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  1. #1
    Ordnance Approved
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    Mined Falling Block

    Ladies & Gents
    The attachment is one of what you might say is of a Large Anti Tank Mined Obstacle for use between FEB & the Break Clean Line in the event of the Old USSR invading Germany and when driving around the old eastern borders of Germany some can still be found. They were not a normal part of NATO troop training and courses on the use of the many different types of Anti Tank Obstacle where run in Muchen which also gave you a great reson for a good night out. If anyone is interested I of many other such docs in my collection.

    REgards John
    Attached Files Attached Files

  2. #2
    bar5428
    Guest
    EODONE

    Interestingly. Thank you!

  3. #3
    ORDNANCE APPROVED/Premium Member
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    These were still in use in the northern parts of S. Korea at least as late as 89-90 when I was there, with many variations.
    All dug or live ordnance shown in my posts is under EOD control and has been or will be dealt with accordingly by EOD personnel

  4. #4
    bar5428
    Guest
    These barriers were used by many armies
    In the first photo: Finnish antitank barriers "Mannerheim Line".

    In the second photo: "dragon's teeth" height of 2 meters. Karelian Isthmus, December 1939
    In the third photo: Granite stockade in six rows - antitank obstacles "Mannerheim Line"
    On the fourth count: Siegfried Line - dragon's teeth in the line Aachen-Saarbrucken
    Attached Images Attached Images

  5. #5
    Ordnance Approved
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    We also had in Germany in the 60's 70's and 80's some very large circular TNT charges - 125lb in weight - manufactured in Germany they were allocated a DM number that escapes me now. Intended to be placed in pre made cavities in bridges on the autobahn network. I believe that they were to be deployed at the ATWM (Army Transition to War Measures) phase of a conflict with former USSR.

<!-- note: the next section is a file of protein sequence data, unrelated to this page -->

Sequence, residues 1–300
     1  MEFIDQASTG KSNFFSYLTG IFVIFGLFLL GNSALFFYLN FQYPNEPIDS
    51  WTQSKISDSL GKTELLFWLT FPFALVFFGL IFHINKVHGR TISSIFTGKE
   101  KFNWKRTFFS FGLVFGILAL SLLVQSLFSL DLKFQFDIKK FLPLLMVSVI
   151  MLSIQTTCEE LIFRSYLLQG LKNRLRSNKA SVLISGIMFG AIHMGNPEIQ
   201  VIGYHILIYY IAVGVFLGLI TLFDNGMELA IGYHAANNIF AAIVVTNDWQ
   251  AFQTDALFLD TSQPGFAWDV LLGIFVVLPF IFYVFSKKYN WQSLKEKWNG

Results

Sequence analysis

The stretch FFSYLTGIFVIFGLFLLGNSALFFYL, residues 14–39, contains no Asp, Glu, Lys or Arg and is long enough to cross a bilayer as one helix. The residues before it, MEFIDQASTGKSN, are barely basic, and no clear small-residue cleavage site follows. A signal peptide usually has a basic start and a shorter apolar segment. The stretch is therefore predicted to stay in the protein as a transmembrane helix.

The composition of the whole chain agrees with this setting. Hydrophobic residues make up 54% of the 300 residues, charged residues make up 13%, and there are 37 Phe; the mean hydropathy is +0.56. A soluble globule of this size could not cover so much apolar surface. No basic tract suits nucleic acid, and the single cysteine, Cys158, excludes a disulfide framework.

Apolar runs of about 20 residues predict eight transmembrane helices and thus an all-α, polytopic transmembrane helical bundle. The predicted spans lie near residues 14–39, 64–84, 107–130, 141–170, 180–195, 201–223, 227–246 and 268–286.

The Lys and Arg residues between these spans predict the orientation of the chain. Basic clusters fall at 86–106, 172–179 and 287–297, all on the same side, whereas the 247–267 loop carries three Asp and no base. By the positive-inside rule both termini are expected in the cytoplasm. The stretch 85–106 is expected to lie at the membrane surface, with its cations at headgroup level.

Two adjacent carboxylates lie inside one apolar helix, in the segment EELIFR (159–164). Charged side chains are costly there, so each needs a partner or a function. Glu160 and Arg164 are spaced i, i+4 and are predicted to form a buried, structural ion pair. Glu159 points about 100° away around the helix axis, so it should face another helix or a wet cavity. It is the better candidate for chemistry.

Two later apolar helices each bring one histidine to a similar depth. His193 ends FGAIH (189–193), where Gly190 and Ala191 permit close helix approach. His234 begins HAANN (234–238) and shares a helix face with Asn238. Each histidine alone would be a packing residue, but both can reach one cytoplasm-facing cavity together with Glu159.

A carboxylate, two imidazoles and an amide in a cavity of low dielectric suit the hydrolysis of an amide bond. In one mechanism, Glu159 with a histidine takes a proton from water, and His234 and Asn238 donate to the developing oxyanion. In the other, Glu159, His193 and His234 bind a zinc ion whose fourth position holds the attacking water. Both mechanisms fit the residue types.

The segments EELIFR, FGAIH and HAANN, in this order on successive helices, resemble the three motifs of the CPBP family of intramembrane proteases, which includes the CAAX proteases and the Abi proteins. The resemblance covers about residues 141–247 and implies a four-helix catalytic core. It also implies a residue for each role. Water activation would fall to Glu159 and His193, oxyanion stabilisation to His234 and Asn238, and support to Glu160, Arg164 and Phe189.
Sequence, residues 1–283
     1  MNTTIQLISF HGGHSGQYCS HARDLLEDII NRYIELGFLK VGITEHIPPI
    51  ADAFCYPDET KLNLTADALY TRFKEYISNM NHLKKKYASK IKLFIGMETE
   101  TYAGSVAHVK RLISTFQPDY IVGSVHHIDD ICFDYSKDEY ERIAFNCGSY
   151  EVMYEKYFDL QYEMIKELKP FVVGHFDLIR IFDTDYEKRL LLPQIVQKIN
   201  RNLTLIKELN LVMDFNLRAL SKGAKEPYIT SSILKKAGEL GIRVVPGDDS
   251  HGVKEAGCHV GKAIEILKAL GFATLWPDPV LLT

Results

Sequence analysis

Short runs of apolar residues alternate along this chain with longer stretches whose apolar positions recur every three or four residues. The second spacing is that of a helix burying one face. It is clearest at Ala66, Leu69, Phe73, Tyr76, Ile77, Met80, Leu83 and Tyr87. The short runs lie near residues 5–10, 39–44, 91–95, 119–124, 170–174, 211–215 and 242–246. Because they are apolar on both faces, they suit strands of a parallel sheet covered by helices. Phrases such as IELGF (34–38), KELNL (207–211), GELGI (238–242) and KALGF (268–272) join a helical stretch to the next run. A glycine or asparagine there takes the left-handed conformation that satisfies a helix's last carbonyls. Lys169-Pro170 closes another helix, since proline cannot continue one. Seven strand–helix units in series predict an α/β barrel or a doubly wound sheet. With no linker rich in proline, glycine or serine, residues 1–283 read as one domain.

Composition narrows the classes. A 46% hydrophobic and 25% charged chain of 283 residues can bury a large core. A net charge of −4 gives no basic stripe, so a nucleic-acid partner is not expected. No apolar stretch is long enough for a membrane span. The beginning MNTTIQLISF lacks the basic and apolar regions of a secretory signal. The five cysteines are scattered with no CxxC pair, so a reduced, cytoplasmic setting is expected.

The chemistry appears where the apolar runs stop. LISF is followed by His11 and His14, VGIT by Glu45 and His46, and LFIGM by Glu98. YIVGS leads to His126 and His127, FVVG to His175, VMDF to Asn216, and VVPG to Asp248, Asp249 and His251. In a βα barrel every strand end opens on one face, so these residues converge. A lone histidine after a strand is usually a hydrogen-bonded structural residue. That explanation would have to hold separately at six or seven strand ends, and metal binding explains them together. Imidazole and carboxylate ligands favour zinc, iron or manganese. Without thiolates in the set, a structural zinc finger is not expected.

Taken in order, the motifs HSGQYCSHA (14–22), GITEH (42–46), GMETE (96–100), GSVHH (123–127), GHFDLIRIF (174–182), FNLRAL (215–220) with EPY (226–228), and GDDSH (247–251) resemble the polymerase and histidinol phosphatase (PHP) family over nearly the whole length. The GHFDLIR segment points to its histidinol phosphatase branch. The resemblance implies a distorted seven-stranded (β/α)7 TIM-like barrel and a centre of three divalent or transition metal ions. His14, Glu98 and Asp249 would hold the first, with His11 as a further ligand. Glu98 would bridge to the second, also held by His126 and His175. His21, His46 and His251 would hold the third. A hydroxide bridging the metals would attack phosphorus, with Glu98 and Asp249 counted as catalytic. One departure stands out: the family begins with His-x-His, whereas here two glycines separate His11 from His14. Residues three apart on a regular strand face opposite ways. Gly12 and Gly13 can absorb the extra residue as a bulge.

They were known colloquially as "cheeses".
    Last edited by exat808; 4th July 2010 at 05:19 PM.
    any live or dug ordnance. small arms ammunition etc in my posts have been dealt with accordingly

  6. #6
    Ordnance Approved
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    Explosive Cheeses

    These Cheeses were lowered in to preprared shaft in the vehicle routes (MSR's) shafts were called "Measle Hole" and when the Cheeses were detonated they would produce Very large Craters

    REgards John

  7. #7
    Junior Member
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    I was a 12B20 (Combat Demolition Specialist) in Germany in the early 70's. We had those "manholes" (charge containers) all over the place. The NATO designation was "Charge, Demolition, 55.1 lb, Cratering". German designation was "Sprengkorper 25kg/26kg DM41/DM924/DM934 Serie". Stacks of three to five were loaded on frameworks and lowered into the hole. If you travel through Germany today, you can get amusement from trying to spot manhole covers in odd places. Believe me, there are plenty.

 

 

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